Marriage and Children

Sometime before 1653, William married Elizabeth Sutcliffe.[1] The marriage must have taken place before 11 October 1653, the date of the will of Elizabeth's father: in the will, her father names William as the husband of his daughter Elizabeth, and he bequeaths half of his property, the Manor of Eastwoodbury, to William after the death of Isaiah Sutcliffe's wife, Elizabeth Joyle, who was granted a life interest. Isaiah Sutcliffe made provision in his will to repay a loan of £150 made by William, with the loan incurring an interest rate of 5% until it was repaid.[8] William and Elizabeth had two children:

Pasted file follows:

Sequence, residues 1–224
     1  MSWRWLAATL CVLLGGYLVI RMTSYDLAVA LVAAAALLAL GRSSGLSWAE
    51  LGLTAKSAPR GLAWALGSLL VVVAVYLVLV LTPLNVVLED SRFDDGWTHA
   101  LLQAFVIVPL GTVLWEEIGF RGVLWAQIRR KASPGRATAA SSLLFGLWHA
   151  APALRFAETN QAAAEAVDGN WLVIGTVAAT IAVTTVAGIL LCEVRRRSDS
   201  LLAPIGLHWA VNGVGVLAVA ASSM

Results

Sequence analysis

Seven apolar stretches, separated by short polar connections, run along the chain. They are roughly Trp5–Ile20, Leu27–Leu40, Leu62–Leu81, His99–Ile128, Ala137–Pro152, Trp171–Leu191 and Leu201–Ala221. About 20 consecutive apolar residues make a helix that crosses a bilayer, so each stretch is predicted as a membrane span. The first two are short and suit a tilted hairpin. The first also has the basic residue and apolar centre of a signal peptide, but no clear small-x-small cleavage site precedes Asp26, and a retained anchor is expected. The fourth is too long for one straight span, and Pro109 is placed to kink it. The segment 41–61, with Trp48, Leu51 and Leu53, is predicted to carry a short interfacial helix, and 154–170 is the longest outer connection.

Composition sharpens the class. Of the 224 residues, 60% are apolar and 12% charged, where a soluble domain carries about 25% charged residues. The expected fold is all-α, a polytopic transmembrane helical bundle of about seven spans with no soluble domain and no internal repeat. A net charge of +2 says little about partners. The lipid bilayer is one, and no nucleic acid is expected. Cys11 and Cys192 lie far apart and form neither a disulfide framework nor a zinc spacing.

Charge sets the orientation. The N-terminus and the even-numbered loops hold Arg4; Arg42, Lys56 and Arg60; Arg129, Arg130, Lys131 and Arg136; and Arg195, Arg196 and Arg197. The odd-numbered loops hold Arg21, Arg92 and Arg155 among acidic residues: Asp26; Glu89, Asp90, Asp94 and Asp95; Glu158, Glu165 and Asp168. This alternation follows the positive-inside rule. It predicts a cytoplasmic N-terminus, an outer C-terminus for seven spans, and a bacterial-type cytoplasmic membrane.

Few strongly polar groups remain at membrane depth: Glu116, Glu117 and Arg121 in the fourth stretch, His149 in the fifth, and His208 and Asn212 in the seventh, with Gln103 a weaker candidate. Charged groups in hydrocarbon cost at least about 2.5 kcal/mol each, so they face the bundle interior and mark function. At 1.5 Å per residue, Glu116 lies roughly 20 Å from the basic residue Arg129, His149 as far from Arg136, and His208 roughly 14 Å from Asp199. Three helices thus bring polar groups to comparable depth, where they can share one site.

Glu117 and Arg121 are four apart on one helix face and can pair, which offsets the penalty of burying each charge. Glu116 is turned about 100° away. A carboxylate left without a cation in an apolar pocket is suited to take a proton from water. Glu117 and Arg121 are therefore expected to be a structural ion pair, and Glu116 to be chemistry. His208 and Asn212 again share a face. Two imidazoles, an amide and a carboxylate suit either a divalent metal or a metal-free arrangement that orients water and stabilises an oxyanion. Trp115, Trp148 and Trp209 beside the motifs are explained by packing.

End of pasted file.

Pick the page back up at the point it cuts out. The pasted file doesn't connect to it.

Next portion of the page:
Ejection from Rettendon

Having been appointed Rector of Rettendon during the Puritan government of the Lord Protector, William's appointment became tenuous with the Restoration of Charles II in May 1660. When Parliament passed the Act of Uniformity in 1662, thousands of ministers protested against the restrictions that the act placed on many of the common forms of worship. More than 2,000 refused to swear the oaths required by the Act, and the Church of England ejected them from their offices.[10] Among these ejected clerics was William Clopton.[1][4][11] Thus ended his eight years of ministry to the people of Rettendon.

Final Years and Death

William and his family moved from Rettendon to the Manor of Eastwood in Essex. He lived until sometime after 24 October 1670 when he prepared his will, naming his wife Elizabeth Executrix; she proved the will in London on 14 June 1671.[1][12] Elizabeth died at Paglesham, Essex in 1683.[1]

Sources